Yeah, we know. Although experts have been congratulating Apple on how competitive the iPad prices are, when you actually have to part with 500 bucks or more (if you want 3G which is a must-have for such a device), it hurts.
There is a solution that won’t cost you a dime, though. It also won’t get you an iPad, but you can perhaps fool someone with poor eyesight you have one, at least for a second. Yes, we’re talking about a paper iPad.
To make one yourself, you’ll need these two PNG files: the front and the back. Print them, cut them out, and voila – your brand new paper iPad is ready to…well, it can’t really do anything except sit on your desk, but considering the price is zero, we won’t hold it against it.
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Tagged Apple, iPad, Mashable, Paper
We can talk about the iPad as much as we want, but we all know that cold, hard sales numbers will do the real talking. When iPad lands in stores, if it doesn’t fly off the shelves, it will be further proof that Apple has made a rare stumble this time.
AppleInsider rounded up some predictions from Wall Street analysts, and boy, do they not agree. Some of them are calling the iPad “risky”; some are saying that it “has potential”, and some are saying it’s “another winner”. How does that translate into numbers? Anywhere from one to five million in the first year.
Mike Abramsky from RBC Capital Markets forecasts first-year sales of 5 million, claiming the iPad is “a revolutionary e-reading, browsing, media, gaming experience,” but also noting that it lacks certain sought-for features, like multitasking and a camera.
Kaufman Bros’ Shaw Wu didn’t predict sales, but claims that Apple intends to build 5 million units in the first year, and 10 million by the end of the second year. Analyst Charlie Wolf from Needham & Company is predicting that Apple will sell 4 million units in the first twelve months, but Oppenheimer’s Yair Reiner and Brian Marshall from Broadpoint.AmTech are far more cautious, predicting 1.1 and 2.2 million units sold in the first year, respectively.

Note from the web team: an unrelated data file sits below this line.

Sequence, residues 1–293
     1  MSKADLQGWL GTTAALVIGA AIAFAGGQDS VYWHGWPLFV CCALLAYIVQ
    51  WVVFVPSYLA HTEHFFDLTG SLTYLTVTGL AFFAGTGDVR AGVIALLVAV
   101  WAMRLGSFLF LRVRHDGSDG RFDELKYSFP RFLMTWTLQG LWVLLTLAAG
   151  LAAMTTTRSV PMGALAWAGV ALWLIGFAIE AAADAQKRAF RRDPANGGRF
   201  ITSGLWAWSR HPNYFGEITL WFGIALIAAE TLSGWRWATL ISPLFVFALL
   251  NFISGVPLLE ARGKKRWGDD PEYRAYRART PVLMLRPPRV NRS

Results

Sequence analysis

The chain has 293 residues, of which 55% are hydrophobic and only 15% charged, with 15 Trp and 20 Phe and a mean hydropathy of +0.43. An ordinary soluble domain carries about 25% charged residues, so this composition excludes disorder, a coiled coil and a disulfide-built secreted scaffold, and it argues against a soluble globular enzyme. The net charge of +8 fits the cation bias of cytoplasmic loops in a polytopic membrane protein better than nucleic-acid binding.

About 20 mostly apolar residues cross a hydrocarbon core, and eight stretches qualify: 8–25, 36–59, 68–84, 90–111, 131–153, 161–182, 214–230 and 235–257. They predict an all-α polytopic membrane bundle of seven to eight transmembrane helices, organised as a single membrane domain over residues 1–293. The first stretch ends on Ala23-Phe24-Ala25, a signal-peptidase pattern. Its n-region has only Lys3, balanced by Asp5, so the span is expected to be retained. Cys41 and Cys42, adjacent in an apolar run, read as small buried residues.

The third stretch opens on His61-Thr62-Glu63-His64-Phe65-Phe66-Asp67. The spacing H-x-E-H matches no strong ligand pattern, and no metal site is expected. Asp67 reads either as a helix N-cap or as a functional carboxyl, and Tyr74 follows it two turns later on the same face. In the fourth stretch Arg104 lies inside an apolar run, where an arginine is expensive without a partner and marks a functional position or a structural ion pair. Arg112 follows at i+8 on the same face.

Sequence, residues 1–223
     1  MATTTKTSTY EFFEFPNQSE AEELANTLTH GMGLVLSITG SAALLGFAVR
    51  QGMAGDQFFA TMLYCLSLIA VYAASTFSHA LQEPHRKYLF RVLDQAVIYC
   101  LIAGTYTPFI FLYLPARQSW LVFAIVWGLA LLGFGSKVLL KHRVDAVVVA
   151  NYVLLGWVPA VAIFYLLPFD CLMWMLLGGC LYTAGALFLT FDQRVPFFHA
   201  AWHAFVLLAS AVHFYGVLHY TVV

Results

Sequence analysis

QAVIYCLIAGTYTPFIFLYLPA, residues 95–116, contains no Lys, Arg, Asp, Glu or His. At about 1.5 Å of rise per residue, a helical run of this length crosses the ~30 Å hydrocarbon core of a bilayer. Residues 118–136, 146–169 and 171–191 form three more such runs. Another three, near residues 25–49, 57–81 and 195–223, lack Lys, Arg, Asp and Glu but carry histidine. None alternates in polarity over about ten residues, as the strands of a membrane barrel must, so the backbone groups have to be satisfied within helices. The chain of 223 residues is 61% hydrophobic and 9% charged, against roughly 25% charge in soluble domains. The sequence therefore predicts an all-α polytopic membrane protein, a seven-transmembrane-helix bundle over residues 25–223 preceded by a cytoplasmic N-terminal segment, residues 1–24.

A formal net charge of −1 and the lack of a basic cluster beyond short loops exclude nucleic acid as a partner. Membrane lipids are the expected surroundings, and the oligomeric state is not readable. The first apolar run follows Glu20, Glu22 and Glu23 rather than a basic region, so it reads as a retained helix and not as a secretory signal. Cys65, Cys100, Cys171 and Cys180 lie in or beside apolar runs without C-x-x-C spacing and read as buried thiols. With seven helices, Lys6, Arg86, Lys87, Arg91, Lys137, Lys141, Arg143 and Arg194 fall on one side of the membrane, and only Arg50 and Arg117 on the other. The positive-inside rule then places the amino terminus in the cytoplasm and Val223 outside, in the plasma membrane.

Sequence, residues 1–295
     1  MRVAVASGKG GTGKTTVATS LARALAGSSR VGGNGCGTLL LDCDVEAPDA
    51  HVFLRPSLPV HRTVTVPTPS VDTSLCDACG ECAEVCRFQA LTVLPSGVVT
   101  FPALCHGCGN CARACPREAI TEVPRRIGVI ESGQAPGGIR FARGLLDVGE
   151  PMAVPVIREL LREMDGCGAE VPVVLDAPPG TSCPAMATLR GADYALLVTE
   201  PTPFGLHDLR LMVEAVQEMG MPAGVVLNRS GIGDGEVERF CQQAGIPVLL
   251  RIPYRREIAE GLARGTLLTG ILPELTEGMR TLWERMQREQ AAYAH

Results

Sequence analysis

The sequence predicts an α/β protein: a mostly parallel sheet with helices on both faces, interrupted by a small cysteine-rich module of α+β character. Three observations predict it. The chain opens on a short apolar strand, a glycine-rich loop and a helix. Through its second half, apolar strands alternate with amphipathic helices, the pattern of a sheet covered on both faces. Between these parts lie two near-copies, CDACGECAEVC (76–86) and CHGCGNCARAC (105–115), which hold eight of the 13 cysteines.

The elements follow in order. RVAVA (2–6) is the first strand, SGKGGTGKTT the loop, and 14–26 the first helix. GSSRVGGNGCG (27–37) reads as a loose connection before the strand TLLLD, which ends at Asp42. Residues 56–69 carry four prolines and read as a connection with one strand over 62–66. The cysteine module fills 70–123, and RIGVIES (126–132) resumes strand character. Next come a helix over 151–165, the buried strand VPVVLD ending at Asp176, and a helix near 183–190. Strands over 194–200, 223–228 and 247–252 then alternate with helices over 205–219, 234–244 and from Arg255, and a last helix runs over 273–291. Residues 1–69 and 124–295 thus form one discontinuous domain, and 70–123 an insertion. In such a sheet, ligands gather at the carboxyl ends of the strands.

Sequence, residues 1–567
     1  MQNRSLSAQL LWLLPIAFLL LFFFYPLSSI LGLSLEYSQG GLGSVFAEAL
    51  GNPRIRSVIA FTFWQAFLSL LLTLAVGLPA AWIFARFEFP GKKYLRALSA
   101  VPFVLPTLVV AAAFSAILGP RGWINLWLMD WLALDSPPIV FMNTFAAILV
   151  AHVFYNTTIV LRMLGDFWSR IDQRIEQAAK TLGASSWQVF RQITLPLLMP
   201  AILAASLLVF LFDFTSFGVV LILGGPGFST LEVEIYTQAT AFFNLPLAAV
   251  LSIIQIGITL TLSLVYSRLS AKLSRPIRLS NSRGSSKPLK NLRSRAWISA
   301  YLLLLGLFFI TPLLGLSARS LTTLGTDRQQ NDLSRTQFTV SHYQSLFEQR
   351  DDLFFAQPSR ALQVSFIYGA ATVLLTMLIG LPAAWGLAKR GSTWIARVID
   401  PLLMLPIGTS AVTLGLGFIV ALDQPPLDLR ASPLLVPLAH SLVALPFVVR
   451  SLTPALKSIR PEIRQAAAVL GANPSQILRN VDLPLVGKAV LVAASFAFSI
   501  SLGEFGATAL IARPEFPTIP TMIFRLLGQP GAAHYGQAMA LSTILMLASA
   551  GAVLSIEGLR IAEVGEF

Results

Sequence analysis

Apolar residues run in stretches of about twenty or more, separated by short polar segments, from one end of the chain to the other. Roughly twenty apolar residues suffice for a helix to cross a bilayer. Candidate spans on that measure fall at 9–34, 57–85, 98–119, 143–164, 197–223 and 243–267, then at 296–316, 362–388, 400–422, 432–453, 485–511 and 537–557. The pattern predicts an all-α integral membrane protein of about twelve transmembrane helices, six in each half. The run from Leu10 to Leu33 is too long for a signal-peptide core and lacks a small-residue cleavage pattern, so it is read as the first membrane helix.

Apple has surprised us many times in its history, and no one can be certain just how well the iPad will sell. If it beats these estimates, though, it will cement its place in history as one of the most successful tech companies of all time.
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Tagged Apple, iPad
The beta version of Google Chrome for Mac is still missing a critical feature: extensions. If you’re daring enough to try out an even less-tested version of Chrome than the beta, though, you can now easily install extensions in Chromium, the developer version of Chrome.
Extensions were already available to Windows users, and to folks who use Mozilla Firefox, they’re foundational in the browser experience. So you can imagine how anticipated their arrival is.
Extensions were technically already supported under Chromium’s hood, but you couldn’t install them from the gallery. While there were some easy workarounds for that, now you don’t even need those; just click install and you’re rolling.
Take a step over to Google’s early access release channels page to download the developer version of GoogleChrome.dmg if you’re interested. There aren’t many extensions available yet — certainly not as many as you’ll get with Firefox — but there are enough to make it worth a try.
When are extensions coming to the beta version of Chrome for Mac, you ask? Google says: “Sit tight — we’re working on bringing extensions to the beta channel.” That’s kind of a non-answer, really.
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Tagged Apple, Chrome, Google
A new report today from The Wall Street Journal seems to confirm what we’ve been hearing for the last few weeks: that the highly anticipated Apple Tablet (potentially namediSlate) will be revealed at the end of this month (reportedlyon January 27th) and will launch in March. The WSJ also believes it has found out the price: around $1000.